Causes of Devic’s Disease


Devic’s disease is a type of autoimmune disorder which means that it is caused by a malfunction of the immune system. The latter plays the key role in protection of the body from infectious agents including bacteria, viruses, fungi and parasites. But in people with an autoimmune disorder, the immune system does not only attack the harmful invaders. For yet unknown reason, it identifies the body’s own cells as harmful invaders and triggers a release of antibodies to destroy those invaders which, however, play the key role in the bodily functions.

In people with Devic’s disease, the immune system attacks myelin in the optic nerve or/and spinal cord, and causes damage to this tissue which surrounds the nerves and plays the key role in transmission of the nerve signals. The damage results in transverse myelitis or/and optic neuritis which can cause disabling consequences including permanent loss of sight and paralysis in one or both legs. However, the immune system does not attack myelin all the time. Some people have the so-called monophasic Devic’s disease and experience only one attack. The majority, however, has relapses every few months or years.

Why the immune system perceives myelin as a threat which needs to be destroyed remains unclear. So far the scientists have managed to discover that the attacks are not caused by T cells which are normally released by the immune system to eliminate the harmful invader but a type of antibodies called NMO-IgG. These antibodies are known to target a protein known as aquaporin 4, however, the role of NMO-IgG in the destruction of myelin remains unknown.

Genetic factors have not been linked to the disorder so far despite the fact that Devic’s disease is more common in people of African and Asian descent than in other people which suggests that hereditary may play a role in the disease. The condition is also more common in women than men, while most patients are young adults. But since epidemiology of Devic’s disease is not established, it is difficult to draw any conclusions in relation to hereditary, gender and age.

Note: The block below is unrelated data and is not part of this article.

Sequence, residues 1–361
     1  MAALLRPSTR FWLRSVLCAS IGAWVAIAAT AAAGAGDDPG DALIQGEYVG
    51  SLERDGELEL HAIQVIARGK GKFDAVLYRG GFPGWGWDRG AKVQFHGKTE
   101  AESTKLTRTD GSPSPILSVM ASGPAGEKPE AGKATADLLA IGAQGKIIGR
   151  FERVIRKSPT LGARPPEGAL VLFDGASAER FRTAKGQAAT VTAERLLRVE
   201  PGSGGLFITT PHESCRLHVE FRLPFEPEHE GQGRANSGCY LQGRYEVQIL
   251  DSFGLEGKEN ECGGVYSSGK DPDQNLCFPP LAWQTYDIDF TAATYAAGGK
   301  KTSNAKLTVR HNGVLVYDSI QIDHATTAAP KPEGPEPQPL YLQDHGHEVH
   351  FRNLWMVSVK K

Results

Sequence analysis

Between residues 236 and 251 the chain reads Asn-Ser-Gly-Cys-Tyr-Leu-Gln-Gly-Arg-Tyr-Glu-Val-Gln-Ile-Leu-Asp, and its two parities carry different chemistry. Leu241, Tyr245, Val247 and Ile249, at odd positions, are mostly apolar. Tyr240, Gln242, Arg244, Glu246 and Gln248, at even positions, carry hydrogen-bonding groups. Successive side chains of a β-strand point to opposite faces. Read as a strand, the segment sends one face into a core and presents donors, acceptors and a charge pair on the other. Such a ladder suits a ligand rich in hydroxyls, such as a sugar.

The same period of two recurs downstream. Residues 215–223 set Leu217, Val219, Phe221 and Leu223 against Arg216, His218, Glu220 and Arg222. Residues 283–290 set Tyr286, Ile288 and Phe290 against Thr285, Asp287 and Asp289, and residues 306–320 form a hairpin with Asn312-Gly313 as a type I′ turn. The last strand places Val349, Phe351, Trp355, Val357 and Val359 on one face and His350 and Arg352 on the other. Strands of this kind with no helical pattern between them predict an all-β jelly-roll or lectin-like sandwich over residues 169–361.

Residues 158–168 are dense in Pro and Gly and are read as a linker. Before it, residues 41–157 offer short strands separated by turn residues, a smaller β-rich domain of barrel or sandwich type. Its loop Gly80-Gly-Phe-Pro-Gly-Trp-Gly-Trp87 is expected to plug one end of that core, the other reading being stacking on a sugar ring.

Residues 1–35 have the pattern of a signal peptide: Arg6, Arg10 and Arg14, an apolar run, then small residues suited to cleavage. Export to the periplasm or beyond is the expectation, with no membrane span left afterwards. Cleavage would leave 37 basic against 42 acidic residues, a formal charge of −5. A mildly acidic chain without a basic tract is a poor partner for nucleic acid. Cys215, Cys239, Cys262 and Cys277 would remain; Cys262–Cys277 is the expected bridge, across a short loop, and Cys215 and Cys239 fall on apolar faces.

Some scientists believe that the disease may be related to infectious agents and some environmental factors because about one half of all attacks are preceded by symptoms which indicate an infection. Some of the suspected triggers include most viral infections and tuberculosis. But at the moment of writing, there are no firm evidence to support this theory.

As long as the causes of Devic’s disease or factors which trigger the immune system to attack myelin remain unknown, patients remain dependent on treatments which only help relieve the symptoms and reduce the frequency of the attacks. This slows down damage to myelin but it does not prevent it. As a result, about 50 percent of Devic’s disease sufferers with relapses develop paralysis or/and blindness within a period of 5 years after the onset of symptoms.